NRCC doesn't shy away from David Rivera

The Miami Republican -- whom some GOP'ers have distanced themselves from in the wake of inquiries into his finances -- was among the lawmakers featured on the board at the National Republican Congressional Committee fundraising dinner Wednesday night.Gop[1]

New Jersey Gov. Chris Christie was the keynote speaker at the event which raised an estimated $10 million for Republican 2012 campaigns. Today's the last day for fundraising in the first quarter.

'Course NRCC chief Pete Sessions has said Rivera is "doing a very good job." House Majority Leader Eric Cantor has not shared Sessions' enthusiasm.

Senate budget cuts Gov. Scott's security detail in half

Claiming the governor's security detail justified when the governor was the brother of a president and a nation at war, the Senate budget eliminates half of Gov. Rick Scott's security detail.

Scott relies on the 16 Florida Department of Law Enforcement agents assigned to him to escort him from the capital to the governor's mansion, from the mansion to his private plane and protect him in his daily duties. The current budget of $1.2 million would be cut in half under the Senate proposal.

Sen. Mike Fasano, R-New Port Richey, attempted an amendment to restore it. Senate budget chief J.D. Alexander opposed. Fasano withdrew it.

"I never thought I'd be sitting here trying this,'' Fasano said. He added that based on "some of the decisions coming out of the plaza level we may have to'' beef up his security.

Alexander said that the budget expense was justifiable when Gov. Jeb Bush was in office, since he was the brother of a president and the nation was at war. But now, ''we're cutting along, got a whole new governor" and when they are asking state employees "to take reductions" Scott should to.

Chamber uses police and teachers to anger police and teachers in new TV ad

The Florida Chamber of Commerce's latest ad has angered police and teacher union members in Tallahassee this week protesting changes to cuts in their salaries and benefits.

The ad offers up a sentimental pitch to viewers that attempts to sympathize with "police officers and teachers" to get viewers to support a bill that strips police officers and teachers from using direct deposit from their paychecks to pay their dues.

But the move has prompted the union's grassroots effect, Awake the State, to start a petition drive urging people to sign this statement: "The Florida Chamber says it speaks for the interests of Floridians, but we know different. This high-priced lobbying firm only speaks for the interests of wealthy, multi-state corporations, not the interests of Florida’s communities and small businesses."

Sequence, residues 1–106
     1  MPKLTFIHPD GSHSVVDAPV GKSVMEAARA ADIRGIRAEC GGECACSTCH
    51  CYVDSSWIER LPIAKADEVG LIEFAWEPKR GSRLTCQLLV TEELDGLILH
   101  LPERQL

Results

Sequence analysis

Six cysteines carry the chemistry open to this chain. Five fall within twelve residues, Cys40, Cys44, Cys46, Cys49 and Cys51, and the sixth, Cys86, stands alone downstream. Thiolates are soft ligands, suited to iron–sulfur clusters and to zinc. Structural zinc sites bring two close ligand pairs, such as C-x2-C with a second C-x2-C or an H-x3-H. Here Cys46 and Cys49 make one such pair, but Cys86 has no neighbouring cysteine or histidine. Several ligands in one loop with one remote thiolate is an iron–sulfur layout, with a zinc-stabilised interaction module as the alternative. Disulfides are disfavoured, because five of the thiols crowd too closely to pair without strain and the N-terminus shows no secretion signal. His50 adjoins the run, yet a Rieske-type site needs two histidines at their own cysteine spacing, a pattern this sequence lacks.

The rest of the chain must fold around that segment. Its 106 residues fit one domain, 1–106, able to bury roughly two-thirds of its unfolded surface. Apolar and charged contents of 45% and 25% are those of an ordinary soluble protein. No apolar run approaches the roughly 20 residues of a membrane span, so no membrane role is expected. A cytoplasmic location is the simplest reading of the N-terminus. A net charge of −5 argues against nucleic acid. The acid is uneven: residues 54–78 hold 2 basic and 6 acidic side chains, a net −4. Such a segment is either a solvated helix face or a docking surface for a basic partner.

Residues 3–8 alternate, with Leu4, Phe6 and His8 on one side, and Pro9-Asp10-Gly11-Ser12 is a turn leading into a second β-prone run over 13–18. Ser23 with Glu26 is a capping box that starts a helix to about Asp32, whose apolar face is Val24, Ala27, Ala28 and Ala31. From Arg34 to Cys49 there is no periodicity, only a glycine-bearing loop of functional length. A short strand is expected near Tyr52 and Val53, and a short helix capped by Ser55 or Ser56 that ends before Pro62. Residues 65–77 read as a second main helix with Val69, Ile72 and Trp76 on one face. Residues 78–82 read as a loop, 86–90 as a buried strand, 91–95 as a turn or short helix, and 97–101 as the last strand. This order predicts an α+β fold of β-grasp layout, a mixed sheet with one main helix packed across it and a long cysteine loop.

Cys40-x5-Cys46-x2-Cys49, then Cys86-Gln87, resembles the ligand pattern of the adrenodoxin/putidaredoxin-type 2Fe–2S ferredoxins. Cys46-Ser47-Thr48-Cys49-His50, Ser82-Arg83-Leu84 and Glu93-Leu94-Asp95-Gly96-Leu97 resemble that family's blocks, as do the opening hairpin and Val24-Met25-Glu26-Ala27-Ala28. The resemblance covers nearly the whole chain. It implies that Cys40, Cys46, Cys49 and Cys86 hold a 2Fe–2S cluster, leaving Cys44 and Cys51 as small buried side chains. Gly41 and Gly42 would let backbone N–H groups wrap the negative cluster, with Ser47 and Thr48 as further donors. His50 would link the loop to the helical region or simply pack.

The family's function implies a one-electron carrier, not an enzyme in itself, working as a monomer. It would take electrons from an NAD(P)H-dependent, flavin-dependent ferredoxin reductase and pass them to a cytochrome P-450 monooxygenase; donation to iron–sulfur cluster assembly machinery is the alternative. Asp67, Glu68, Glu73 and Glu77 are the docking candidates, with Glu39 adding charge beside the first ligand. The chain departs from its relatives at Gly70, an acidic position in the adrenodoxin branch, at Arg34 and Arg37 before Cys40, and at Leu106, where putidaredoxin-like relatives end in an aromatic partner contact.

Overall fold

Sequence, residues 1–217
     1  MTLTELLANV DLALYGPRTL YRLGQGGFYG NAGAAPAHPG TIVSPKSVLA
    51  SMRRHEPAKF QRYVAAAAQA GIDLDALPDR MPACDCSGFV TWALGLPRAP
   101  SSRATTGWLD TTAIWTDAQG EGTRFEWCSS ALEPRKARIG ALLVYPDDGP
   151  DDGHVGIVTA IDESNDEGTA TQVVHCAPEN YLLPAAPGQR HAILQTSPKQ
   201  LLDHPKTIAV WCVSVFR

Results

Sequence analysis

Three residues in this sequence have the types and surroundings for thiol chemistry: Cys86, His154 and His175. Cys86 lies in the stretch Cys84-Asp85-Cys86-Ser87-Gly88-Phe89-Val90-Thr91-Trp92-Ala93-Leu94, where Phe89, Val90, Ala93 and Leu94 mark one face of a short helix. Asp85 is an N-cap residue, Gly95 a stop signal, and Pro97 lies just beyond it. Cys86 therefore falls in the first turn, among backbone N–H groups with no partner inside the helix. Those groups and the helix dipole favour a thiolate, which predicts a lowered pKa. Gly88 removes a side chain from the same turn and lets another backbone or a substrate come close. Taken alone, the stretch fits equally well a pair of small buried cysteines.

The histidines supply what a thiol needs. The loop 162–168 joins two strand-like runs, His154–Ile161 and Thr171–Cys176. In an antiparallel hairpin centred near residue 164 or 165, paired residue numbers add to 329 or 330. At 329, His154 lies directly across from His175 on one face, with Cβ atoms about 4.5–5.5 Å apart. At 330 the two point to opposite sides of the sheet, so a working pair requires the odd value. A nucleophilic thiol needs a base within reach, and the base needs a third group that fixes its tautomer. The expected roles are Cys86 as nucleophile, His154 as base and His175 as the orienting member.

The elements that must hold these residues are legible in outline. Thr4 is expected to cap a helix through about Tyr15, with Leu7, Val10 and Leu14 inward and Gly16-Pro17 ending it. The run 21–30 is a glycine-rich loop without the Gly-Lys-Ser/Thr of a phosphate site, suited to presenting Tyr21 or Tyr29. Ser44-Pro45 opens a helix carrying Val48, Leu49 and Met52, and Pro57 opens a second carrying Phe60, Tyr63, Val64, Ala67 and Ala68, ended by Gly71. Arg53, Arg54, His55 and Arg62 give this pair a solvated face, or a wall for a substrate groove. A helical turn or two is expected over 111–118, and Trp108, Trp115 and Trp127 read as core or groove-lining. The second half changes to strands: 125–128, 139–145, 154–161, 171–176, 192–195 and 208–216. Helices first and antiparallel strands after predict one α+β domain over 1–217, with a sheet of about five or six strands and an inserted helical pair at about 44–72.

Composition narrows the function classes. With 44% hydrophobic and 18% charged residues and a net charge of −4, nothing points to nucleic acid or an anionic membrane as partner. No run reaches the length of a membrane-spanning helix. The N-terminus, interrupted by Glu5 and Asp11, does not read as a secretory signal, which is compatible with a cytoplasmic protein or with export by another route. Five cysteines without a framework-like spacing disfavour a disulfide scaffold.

Here's the text of the chamber ad:

Firefighters, police officers and teachers are facing uncertain times. So the last thing they deserve is for unions to take away their hard-earned money to play politics, sometimes without asking for approval. That’s why the Supreme Court voted to allow workers paycheck protection. After all they do to help us, isn’t it time we helped them?

Carl Littlefield joins DCF

Gov. Rick Scott's office has found a soft landing for Carl Littlefield, their former head of the Agency of Persons with Disabilities. Littlefield abruptly resigned before he could testify in front of a Senate panel about a Tampa-area group home that allowed residents to have sex.

According to Scott's public records web site, Littlefield is earning $78,000 per year at the Department of Children & Families Tampa office.

Senate passes plan to put water districts under legislative control

A Senate plan to allow the legislature to take over control of the state's five water management districts' spending and taxing passed the Senate Budget Committee without discussion, or public testimony.

The idea is the brainchild of Sen. J.D. Alexander, the Republican budget chief who also wants to cut water management district property taxes by $411 million this year.

"We have essentially adopted an out of sight out of mind approach to these entities,'' he said. He told the committee that he believes that the water management districts have exceeded their spending authority, although he acknowledged that the state constitution allows them to levy property taxes. For example, he said, his staff research found that the Southwest Florida Water Management District "had over $800 million in reserves."

"In my 14 years, I have had more complaints about water management district expenditures and taxation than anything else I deal with,'' he said.

Continue reading "Senate passes plan to put water districts under legislative control " »